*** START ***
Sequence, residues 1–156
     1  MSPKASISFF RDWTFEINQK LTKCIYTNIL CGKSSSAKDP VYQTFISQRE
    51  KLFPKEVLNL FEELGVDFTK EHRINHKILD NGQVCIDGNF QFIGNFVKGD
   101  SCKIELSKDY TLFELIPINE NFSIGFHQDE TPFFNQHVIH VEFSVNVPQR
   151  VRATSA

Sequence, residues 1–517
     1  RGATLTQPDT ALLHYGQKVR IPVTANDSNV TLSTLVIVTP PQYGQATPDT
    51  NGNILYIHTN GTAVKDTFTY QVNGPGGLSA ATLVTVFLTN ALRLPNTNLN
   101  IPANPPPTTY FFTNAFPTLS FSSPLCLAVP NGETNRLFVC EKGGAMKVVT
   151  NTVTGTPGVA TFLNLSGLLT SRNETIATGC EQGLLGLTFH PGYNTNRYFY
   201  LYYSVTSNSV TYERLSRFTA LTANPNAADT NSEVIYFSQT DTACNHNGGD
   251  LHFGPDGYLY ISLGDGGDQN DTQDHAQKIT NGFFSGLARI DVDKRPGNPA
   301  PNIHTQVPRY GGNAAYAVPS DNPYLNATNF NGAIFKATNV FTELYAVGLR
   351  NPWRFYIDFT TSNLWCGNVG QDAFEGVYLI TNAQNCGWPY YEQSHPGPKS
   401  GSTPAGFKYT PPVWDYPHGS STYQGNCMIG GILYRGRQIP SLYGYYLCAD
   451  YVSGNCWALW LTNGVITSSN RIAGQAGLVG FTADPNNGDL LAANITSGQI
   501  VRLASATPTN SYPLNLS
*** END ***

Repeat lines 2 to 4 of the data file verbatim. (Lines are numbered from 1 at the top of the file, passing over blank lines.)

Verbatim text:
     1  MSPKASISFF RDWTFEINQK LTKCIYTNIL CGKSSSAKDP VYQTFISQRE
    51  KLFPKEVLNL FEELGVDFTK EHRINHKILD NGQVCIDGNF QFIGNFVKGD
   101  SCKIELSKDY TLFELIPINE NFSIGFHQDE TPFFNQHVIH VEFSVNVPQR